An opposition commune chief was sent to prison and three senior officials from local rights group Adhoc were questioned late into the night on Wednesday over claims they convinced deputy opposition leader Kem Sokha’s alleged mistress to deny an affair.
With the Anti-Corruption Unit (ACU) inexplicably investigating the alleged relationship in tandem with anti-terrorism police, Seang Chet, the chief of a commune in Kompong Cham province, was on Sunday arrested after being accused of bribery.
Phnom Penh Municipal Court deputy prosecutor Meas Chanpiseth said on Wednesday that he had questioned Mr. Chet after he was sent to the court by the ACU, and that the court had charged him with bribing the alleged mistress to lie with a promise of $500.
“We already laid charges against him. I am too busy to provide more details,” Mr. Chanpiseth said, explaining only that the charge was “bribery of a witness” under Article 548 of the Criminal Code.
Mr. Chet was taken to Phnom Penh’s Prey Sar prison for provisional detention on Wednesday and faces five to 10 years in prison if found guilty.
The alleged mistress, Khom Chandaraty, last week recanted almost two months of denials of an affair when questioned at the court over charges of prostitution and false testimony. She accused Mr. Chet, Adhoc, a U.N. official and a women’s rights advocate of convincing her to lie.
Each had been giving 25-year-old Ms. Chandaraty support as she faced multiple rounds of questioning by anti-terrorism police and the courts and have in turn denied that they ever encouraged her to deny having an affair with Mr. Sokha.
Ms. Chandaraty’s mother lives in the commune run by Mr. Chet, and in a public letter released last Friday, the daughter said he had promised to give her $500 if she denied the affair with Mr. Sokha, leading to his arrest by the ACU on Sunday morning.
Mr. Chet’s wife, 43-year-old Sreng Sokhoeun, said it was unjust to describe the money as a “bribe” and said that the money had been delivered by CNRP lawmaker Mao Monyvann as an act of charity.
“It was just a small amount of money, and she did not even receive it. This is very unjust,” Ms. Sokhoeun said.
“He took it from Mao Monyvann. Mao Monyvann told him that the diaspora in Australia had sent it for Srey Mom’s mother, as she was poor,” she added, using a nickname for Ms. Chandaraty.
“I appeal to any organizations to help find justice for my husband,” Ms. Sokhoeun added.
Mr. Monyvann said Ms. Sokhoeun’s account was correct.
“Yes it’s true,” Mr. Monyvann said. “I received the charity money from Cambodian brothers and sisters who live in New Zealand. They pitied Srey Mom’s family because she got into trouble.”
“I am [a] lawmaker for Kompong Cham, so they asked me to take the money to Srey Mom’s mother,” he said. “The commune chief took the money from me, and he said he’d bring it to Srey Mom’s mother.”
With Mr. Chet jailed, the ACU summoned four of its eight other suspects on Wednesday. In the morning, Try Chhuon, the lawyer Adhoc assigned to represent Mr. Chandaraty, and Ny Sokha, chief of monitoring at the rights group, were called into its compound on Norodom Boulevard. Adhoc deputy heads of monitoring Yi Soksan and Nay Vanda entered in the afternoon.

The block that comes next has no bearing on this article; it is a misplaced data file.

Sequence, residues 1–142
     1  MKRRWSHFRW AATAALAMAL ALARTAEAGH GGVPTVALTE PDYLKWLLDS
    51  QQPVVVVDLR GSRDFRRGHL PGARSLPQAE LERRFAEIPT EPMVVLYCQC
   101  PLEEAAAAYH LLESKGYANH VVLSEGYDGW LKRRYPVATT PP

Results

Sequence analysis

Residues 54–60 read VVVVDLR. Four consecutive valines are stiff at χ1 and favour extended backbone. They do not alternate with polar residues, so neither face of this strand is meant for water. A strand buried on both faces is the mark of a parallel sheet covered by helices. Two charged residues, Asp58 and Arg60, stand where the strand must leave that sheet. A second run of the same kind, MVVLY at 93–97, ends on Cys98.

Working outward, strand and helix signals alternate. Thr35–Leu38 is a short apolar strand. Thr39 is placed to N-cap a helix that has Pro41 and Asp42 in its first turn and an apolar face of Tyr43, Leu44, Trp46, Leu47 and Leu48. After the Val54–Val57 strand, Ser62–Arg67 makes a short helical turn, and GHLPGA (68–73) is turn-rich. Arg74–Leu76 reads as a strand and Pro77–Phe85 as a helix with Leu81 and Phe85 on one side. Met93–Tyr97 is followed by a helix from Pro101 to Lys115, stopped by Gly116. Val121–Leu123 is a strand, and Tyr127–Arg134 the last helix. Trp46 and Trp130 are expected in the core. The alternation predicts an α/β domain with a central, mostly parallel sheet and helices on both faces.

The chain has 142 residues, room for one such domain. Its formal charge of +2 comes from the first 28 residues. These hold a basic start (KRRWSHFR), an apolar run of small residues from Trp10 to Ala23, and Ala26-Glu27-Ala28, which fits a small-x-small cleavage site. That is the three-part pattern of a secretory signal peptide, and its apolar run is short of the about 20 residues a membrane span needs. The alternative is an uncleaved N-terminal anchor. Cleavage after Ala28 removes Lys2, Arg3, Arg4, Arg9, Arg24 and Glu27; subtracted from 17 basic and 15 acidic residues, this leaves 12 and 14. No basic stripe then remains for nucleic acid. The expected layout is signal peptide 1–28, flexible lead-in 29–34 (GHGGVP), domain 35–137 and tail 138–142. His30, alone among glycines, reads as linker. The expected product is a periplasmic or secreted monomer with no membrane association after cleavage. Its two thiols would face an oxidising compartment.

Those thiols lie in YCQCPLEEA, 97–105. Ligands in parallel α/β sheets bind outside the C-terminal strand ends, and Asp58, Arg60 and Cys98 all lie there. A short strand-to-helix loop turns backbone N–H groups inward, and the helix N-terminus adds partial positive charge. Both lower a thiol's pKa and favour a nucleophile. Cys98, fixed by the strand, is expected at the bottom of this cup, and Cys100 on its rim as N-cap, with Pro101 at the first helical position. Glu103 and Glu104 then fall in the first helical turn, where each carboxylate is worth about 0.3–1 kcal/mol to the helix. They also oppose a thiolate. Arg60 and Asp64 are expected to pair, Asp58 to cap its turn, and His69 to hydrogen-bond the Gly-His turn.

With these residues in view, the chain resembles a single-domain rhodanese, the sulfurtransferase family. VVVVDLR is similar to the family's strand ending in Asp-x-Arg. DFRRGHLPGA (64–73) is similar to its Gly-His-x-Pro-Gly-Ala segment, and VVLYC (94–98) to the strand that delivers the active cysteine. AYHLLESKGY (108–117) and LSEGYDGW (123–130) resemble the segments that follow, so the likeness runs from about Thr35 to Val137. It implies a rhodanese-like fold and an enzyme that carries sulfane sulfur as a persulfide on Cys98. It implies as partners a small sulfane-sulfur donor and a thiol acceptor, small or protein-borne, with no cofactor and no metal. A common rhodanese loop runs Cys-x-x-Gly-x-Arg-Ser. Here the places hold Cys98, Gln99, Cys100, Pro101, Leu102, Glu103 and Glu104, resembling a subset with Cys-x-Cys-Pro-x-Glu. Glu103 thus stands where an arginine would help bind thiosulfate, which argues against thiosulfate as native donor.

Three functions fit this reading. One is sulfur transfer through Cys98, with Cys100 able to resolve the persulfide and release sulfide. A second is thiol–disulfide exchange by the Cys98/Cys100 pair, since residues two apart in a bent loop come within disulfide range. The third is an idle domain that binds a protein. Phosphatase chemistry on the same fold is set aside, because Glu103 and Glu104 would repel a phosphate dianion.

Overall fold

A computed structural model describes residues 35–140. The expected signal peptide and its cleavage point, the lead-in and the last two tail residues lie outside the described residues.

Ms. Chhuon was allowed to leave the ACU at about 11:30 a.m., while the other three were still not released as of 10 p.m.
“They did not have any evidence to inculpate me, but the ACU just took the letter to question me over my duties defending Srey Mom,” Ms. Chhuon said after she emerged from the ACU.
ACU Chairman Om Yentieng declined to comment. “Boss, give me some time to work,” he said.
U.N. official Sally Soen, National Election Committee deputy secretary-general Ny Chakrya, Adhoc senior investigator Lim Mony, and Thida Khus, head of women’s rights group Silika, have all been summoned to be questioned by the ACU today.
Amid the arrests and questionings on Wednesday, 20-year-old political activist Thy Sovantha was also questioned by the municipal court over efforts to sue Mr. Sokha for allegedly defaming her reputation in conversations with a mistress.
“I demanded $1 million,” Ms. Sovantha told reporters. “I am not demanding too much compensation because I don’t want him to repeat the offense, and not to defame other people who are clean. I complained to demand my cleanness.”
Ms. Sovantha, who has called for Mr. Sokha to be charged with sex trafficking for a trip he allegedly took with Ms. Chandaraty to Bangkok, also denied claims she was being instructed by a political benefactor to bring her case against Mr. Sokha.
“There are only people saying this. But my lawsuit is not related to politics. It is only a defamation case,” Ms. Sovantha said. “I filed a suit just to demand justice.”
Ms. Sovantha claims to have been defamed in one of the audio recordings allegedly of telephone calls between Mr. Sokha and one of his mistresses, which were leaked online last month, leading the government to bring its campaign against him.
In the recorded telephone conversations, the man alleged to be Mr. Sokha tells his mistress that he never had an affair with Ms. Sovantha, and says his daughter does not like her because she took money from overseas CNRP supporters.
“We already questioned Thy Sovantha this morning, and after we listened to her we found that it would have benefits for us to continue investigations into the people involved with it,” said deputy municipal court prosecutor Ly Sophanna.
Asked if Mr. Sokha would be summoned to appear in court, Mr. Sophanna hung up his phone.
Mr. Monyvann, the CNRP lawmaker, said the unprecedented investigations into whether Mr. Sokha had a mistress and the claims people were trying to hide the affair, were old-style CPP politicking.
“These actions are identical [to the past]. When it comes close to elections, they start to do the same things to put pressure on the opposition party. It’s the same and the same,” he said.